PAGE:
May 10, 2012
Regan is a Media Director at Vector Media, with over a decade’s experience in media planning and strategy development working with B2B and B2C clients across North America.
We attended CBC’s Fall 2012 launch party on May 10, 2012 [disclosure: as guests of the network]. While there was some evidence of innovation, our take-away was heavy touting of existing content and programming, making one wonder how exactly was the CBC moving forward?
With a full house of media and agency executives from across the country, CBC announced its 2012/13 season in Toronto on May 10. Opening with Gerry Dee and CBC favourite Kathy Jones, the evening was heavy on celebrity and farce, lighter on future vision. Kirstine Stewart, Vice President of CBC English Television was the first of many senior executives to take the stage to downplay the media coverage of the “demise of the CBC”. Not surprising, no details were provided on the severity of cutbacks, layoffs or corporate restructuring – the message for the evening was one of moving forward, and highlighted the importance of the CBC to Canadian culture.
A multitude of CBC talent were showcased throughout the 90-minute presentation, with emphasis on the rich history of programming, including The Nature of Things, heading into its 52nd season, and Hockey Night in Canada celebrating its 60th.
The return of ratings giants Dragon’s Den and Arctic Air, the soap classic Coronation Street, the introduction of new shows like crime drama Cracked, the addition of the Murdoch Mysteries, and the shift of Strombo’s The Hour to prime-time, did little to reinforce Stewart’s statement “As it’s always been, news of CBC’s demise is greatly exaggerated. We won’t be retreating. We are moving forward.” Really? There was little evidence of innovation in its television platform, only a heavy touting of mostly existing content.
Fall TV received the lion’s share of attention while scant reference was made to where the real innovations and future are for CBC – on the digital platforms. For example, while mentioned, the first ever entirely digital station in Hamilton was never fully explained.
And while talk of unique visitors, page views and site rankings just aren’t sexy at a sound and light show like this, a few more references and facts would have been welcomed by the analytics in the media planning and buying crowd. The claim of CBC’s website as number one in Canada was not supported with legitimate numbers or context. Tell us more about CBC’s great new Music app, beyond the thousands of downloads since launch.
It was reassuring to hear about CBC’s continued focus on integrating advertisers into content, including product placements, CBC celebrity endorsements, and cross-promotion, illustrating that innovation can go beyond the standard thirty second commercial or online banner.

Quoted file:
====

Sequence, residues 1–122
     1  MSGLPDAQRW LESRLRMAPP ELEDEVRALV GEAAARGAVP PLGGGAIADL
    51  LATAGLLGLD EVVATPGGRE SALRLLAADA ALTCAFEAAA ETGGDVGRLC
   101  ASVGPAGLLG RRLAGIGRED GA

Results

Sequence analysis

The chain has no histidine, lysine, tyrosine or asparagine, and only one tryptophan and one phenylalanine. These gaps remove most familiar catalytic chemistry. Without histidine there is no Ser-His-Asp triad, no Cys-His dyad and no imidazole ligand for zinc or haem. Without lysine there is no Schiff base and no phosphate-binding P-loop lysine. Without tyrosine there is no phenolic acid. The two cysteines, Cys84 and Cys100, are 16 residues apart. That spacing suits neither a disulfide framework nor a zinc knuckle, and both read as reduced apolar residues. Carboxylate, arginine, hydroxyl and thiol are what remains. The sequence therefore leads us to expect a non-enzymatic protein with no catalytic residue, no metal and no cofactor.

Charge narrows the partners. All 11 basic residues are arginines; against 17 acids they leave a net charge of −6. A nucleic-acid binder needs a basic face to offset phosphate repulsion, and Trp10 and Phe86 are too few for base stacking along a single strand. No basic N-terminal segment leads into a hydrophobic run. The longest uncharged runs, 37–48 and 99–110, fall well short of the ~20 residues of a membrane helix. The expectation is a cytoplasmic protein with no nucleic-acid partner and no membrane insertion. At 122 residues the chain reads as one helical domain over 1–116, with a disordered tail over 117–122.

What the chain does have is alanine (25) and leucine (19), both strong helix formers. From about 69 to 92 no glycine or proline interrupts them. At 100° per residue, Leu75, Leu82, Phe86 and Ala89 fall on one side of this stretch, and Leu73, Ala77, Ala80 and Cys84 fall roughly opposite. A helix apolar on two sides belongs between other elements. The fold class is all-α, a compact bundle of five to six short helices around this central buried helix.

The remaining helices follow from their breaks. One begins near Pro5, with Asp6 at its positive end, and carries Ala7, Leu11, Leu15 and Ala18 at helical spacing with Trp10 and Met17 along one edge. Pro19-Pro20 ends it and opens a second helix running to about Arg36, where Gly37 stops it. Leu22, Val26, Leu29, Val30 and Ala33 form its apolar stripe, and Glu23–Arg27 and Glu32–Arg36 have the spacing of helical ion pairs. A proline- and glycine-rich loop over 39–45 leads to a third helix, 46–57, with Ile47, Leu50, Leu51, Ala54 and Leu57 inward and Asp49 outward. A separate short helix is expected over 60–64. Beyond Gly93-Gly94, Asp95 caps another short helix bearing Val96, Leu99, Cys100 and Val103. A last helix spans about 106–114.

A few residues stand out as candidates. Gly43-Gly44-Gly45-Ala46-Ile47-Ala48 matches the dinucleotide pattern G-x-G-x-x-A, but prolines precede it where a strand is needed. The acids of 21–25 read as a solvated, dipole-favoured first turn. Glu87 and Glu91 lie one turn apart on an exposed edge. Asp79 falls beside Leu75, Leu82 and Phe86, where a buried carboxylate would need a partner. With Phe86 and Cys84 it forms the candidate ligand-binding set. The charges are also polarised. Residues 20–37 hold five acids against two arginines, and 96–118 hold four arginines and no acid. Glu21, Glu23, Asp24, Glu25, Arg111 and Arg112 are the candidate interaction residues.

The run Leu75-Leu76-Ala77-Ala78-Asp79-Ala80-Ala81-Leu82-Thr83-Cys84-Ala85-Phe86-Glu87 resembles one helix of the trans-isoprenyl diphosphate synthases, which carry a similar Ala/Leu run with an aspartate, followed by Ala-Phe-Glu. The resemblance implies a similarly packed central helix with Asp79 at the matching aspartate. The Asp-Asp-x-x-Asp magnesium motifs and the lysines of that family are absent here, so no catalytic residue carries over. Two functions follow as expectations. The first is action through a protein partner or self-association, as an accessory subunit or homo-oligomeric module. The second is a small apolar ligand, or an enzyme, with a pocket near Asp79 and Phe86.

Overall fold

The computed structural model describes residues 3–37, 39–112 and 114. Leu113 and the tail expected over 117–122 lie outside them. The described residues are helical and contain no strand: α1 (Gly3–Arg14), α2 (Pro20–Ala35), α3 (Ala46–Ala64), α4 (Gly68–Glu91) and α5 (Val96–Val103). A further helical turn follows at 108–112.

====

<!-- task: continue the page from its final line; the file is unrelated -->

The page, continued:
The crown jewel of ratings, CBC Radio One, held court with a number of its top ranking personalities including Sook-Yin Lee and Jian Ghomeshi, promoting the value of radio as tying the country together with local content and acting as a platform for Canadian artists. Staying true to that uniquely Canadian measure of real success, approval south of the border, much was made of the CBC Radio One programs now syndicated across US stations. For a CBC platform with limited advertising opportunities (as of this post), it seemed as though this message was a reminder of the value of radio and that it should not be put on the chopping block, and/or a prequel to a more commercial future?
One highlight that received a round of applause from the audience was the elimination of the CBC Standards Council which previously reviewed all commercial material before going to air. For all other television broadcasters in the country the TV Bureau’s Telecaster provided this service – the CBC Standards Council was always an additional step in an often time-crunched process.
Overall, the presentation reinforced the message that the CBC is just that – Canada’s Broadcasting Corporation – with content created by Canadians, and enjoyed by Canadians coast to coast. Though the Fall program schedule appears to have been tweaked slightly, the real potential innovations for the CBC are its digital platforms including web properties, mobile apps, digital networks, and the possibility to purchase airtime within On Demand broadcasts in the near future.
We agree and really hope that the demise of the CBC has been greatly exaggerated. The CBC tried to tell us on Thursday night that they’re moving forward. But perhaps a more important message to advertisers and agencies everywhere would have been the need to focus less on traditional television and more on the integration of a multitude of unique platforms with the ability to reach and touch Canadians.